Certainly the PD, my own venue of choice (which incidently grew out of the NI Labour party Young Socialists), had no political links whatsoever with militant Republicanism in any form. I (and others) could already recognise that while O’Neill had an agenda of modernisation, his interest in the minority community went only so far as possibly absorbing them into Unionism’s agendas, and did not extend to anything like genuine pluralistic politics, as O’Neill’s personal behaviour in the vilification of NI Labour after the 1962 election had clearly showed. You speak of “rabble rousers” generally, and appear to include peaceful activity for Civil Rights under this heading, but please consider, we were engaging in peaceful protest and non-violent civil dissobedience, perfectly legitimate activity in any normal democratic society, and it was only after Ronnie Bunting Senior openly expressed the general frustration of Unionism at their inability to understand a non-violent political challenge and commenced his groups violent attacks on Civil Rights activists and others that militant Republicanism could even begin to make any case whatsoever to act as “protectors” to a then threatened minority! As in 1912, had Unionism acted constitutionally, and not reverted to violence as a habitual default when opposed (even peacefully), then there would have been no opening whatsoever for Republican violence.

    But, returning again to the main part of what we were discussing earlier, do you really believe that those people around us who unquestionably still conform to John Hume’s description should somehow elicit our respect? The question can be answered with a simple yes or no.

  • Nevin

    And not a word of apology for the thousands of deaths and tens of thousands of injuries.

  • SeaanUiNeill


    Nevin, what part of exercising ones right to PEACEFULLY protest against injustice, through civil disobedience do you not get? Anyone doing this in any normal society even in 1968 should not have expected to be physically attacked by another political grouping without the police intervening to protect them, rather than, as occured, joking with the attackers and even, as at Burntollet, being (in civies) part of the attack. I have nothing to apologise for, quite the opposite, as the Belfast Agreement has been an expression of something which should have occured in the late 1960s but only came about thirty years on. Should I be apologising, do you imagine, for standing up for the kind of equality, fairness and democracy which the Belfast Agreement has attempted to institutionalise here in my youth? With a solid majority behind them in 1968, the die-hard Unionists clearly showed that they would fight rather than accept any move to civil rights for all. Had political Unionism in the mid 1960s diverged from their “1912/1920” model and had began to regularise their practice with normal democratic practice in Britian, alongside their drive to modernise economically here, do you imagine that the Republican violence which their collective intransegence invoked would have had any purchase whatsoever here?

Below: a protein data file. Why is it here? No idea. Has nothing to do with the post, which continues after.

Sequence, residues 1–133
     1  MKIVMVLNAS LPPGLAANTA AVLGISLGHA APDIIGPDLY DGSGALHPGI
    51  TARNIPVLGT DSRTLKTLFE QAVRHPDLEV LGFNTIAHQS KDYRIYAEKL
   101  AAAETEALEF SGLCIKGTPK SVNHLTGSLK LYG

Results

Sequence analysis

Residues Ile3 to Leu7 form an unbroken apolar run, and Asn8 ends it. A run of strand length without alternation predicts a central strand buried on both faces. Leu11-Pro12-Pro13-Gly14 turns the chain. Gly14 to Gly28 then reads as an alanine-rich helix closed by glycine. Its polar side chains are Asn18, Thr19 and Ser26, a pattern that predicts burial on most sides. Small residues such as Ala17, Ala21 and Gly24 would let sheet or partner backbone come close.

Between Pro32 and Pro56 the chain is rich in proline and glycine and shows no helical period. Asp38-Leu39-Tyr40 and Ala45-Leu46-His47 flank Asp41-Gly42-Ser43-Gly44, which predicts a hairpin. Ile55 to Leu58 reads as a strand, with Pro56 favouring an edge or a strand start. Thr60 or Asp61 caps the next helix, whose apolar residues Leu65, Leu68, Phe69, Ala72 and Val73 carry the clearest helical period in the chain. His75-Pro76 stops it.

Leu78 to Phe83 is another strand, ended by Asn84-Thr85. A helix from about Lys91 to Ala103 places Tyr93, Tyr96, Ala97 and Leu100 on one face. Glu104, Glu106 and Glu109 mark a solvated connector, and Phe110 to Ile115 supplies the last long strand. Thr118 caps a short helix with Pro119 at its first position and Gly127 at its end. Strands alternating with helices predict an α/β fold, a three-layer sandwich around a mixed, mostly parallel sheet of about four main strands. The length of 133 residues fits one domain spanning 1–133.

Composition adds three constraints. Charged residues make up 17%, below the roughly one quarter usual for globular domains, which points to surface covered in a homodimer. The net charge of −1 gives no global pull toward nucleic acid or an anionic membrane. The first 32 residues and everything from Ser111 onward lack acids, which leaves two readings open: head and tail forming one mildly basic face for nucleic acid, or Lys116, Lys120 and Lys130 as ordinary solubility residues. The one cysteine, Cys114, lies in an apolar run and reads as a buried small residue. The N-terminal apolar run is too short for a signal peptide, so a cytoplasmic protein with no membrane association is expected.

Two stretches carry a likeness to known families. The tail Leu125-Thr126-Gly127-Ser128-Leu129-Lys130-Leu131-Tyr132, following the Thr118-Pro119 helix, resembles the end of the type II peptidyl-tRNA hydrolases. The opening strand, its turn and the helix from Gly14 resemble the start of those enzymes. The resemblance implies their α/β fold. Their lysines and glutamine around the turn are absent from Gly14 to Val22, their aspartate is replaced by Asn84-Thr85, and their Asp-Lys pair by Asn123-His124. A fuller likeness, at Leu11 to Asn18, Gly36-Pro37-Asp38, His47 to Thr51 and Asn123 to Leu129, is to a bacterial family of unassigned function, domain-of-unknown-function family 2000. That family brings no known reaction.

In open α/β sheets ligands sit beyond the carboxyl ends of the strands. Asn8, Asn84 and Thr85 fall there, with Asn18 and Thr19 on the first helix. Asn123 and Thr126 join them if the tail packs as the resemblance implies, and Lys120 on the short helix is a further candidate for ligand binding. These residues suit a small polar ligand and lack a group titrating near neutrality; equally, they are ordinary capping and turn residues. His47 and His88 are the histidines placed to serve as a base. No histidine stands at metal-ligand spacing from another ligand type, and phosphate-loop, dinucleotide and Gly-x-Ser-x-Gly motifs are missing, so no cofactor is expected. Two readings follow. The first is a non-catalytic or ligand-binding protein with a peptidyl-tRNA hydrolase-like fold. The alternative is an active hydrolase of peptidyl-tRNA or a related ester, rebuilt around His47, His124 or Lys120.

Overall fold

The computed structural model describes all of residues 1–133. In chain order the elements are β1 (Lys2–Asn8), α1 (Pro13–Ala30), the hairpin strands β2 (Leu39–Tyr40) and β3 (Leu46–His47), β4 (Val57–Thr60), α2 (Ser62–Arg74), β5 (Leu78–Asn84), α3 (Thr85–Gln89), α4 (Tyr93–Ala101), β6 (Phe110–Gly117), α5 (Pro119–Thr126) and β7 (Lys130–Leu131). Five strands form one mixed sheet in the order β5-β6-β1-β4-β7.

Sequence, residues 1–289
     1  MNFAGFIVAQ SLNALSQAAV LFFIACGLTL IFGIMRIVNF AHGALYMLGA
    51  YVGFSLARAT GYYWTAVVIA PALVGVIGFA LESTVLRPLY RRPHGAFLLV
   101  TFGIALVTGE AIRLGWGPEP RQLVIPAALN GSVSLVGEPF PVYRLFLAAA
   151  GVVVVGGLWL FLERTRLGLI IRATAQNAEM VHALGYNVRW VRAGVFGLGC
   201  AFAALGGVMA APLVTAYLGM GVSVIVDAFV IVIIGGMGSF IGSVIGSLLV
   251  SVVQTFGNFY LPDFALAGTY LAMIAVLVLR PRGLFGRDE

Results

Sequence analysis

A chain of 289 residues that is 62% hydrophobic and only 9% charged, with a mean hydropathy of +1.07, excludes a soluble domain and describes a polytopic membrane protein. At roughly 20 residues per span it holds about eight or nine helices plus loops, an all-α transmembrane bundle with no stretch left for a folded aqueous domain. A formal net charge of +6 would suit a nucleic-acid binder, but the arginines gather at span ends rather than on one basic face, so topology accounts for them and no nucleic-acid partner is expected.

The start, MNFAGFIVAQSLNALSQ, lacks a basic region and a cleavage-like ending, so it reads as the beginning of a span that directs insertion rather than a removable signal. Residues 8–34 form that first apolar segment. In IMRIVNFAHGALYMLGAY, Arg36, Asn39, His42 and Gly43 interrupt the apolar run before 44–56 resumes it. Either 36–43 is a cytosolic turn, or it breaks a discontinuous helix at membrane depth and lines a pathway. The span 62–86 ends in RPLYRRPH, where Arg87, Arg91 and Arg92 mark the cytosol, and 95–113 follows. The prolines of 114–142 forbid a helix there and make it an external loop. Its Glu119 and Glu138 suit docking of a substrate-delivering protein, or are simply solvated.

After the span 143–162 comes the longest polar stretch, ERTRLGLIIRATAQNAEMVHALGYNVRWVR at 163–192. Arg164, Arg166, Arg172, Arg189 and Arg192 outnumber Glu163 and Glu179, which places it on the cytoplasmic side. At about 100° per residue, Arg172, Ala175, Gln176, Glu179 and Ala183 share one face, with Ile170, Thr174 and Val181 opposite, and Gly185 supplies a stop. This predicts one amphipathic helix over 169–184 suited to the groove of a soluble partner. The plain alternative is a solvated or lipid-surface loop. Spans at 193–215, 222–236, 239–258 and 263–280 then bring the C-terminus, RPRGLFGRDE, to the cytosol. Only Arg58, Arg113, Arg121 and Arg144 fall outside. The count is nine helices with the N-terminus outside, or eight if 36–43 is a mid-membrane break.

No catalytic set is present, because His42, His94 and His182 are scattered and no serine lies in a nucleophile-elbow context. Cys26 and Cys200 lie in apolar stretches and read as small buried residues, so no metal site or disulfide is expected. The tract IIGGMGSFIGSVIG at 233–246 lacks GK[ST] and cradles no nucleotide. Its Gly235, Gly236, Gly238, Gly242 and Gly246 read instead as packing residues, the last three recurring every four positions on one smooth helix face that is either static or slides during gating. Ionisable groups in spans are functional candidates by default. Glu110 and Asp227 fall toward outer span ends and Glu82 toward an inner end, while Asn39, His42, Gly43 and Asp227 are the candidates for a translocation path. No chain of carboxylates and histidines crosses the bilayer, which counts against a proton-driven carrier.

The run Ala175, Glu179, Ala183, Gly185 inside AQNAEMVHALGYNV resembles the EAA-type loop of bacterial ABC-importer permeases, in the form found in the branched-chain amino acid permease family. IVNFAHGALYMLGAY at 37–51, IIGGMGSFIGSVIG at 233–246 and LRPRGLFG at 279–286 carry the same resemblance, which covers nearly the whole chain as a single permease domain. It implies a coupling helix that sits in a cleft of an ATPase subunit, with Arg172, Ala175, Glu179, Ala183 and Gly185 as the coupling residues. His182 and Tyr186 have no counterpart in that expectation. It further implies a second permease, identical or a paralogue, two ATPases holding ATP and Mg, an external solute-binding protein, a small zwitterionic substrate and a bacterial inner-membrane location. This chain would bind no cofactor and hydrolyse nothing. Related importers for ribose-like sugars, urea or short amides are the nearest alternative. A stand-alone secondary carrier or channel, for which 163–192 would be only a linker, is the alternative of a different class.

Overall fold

• Nevin

    “Nevin, I was there, you were with the cative people”

    I presume you mean captive, not cative. Nice one. One of my ‘co-conspirators’ was much amused when an SDLP rep described me as a ‘dangerous b***tard’, the same rep who’d revealed to me the sleekit manner in which the SDLP had availed of the services, in secret, of the Irish side of the then Anglo-Irish secretariat to avoid transparency and accountability.

    The Campaign for Social Justice was established in 1964 and the McCluskeys had a prominent position in that local campaign. Liam O Comain names the prominent conspirators at that Maghera meeting in 1966, including the McCluskeys, as well as the influence of Desmond Greaves. I presume you are unfamiliar with this comment from Conn and Patricia, ‘The Republicans and the Marxists took over. They spoiled everything.” [Daily Telegraph, 23 August 1993]. In other words, the likes of the McCluskeys were taken advantage of by those who sought revolution, not reform.

  • SeaanUiNeill

    Corrected a while back already from my rather odd spelling check version Nevin. I’d intended “inactive”.

    You are cherry picking and missing the endless layers of opinion which make up any such campaign, in your quest to re-imagine the Civil Rights movement as some kind of IRA front. If you’d been there you’d be aware of just how complex and even contridictory things really were in practice, in an umbrella organisation which brought together people from across the entire political spectrum here. I’ve quoted Alex Pope’s quip to you before, “a little learning is a dangerious thing….” and the one thing my historiography has taught me is to attempt to discover everything one may about something you are assessing, so that no surprises leap up to confound your thesis.

    You are evidently unfamiliar with the actual pattern of alliances and influences through which the NICRA developed, but this is perfectly normal as you are coming from textual sources and most of what has been written to date is very general, while little other than fragmentary memoirs coloured by stance have come out from individuals involved, such as Greave’s material. In this context it’s certainly very dangerious to rely much on comments such as those in the Telegarph article taken out of their qualifying context. “The Republicans and the Marxists took over. They spoiled everything.” Information on “when, were and how” are required to realise any meaningful sense of what they are actually saying here, and particularise what this desceptively straightforward comment really means. Decontextualised, as you have presented it, it can almost be used to make any point one wishes it to mean, as you have done here in support of your own interpretation.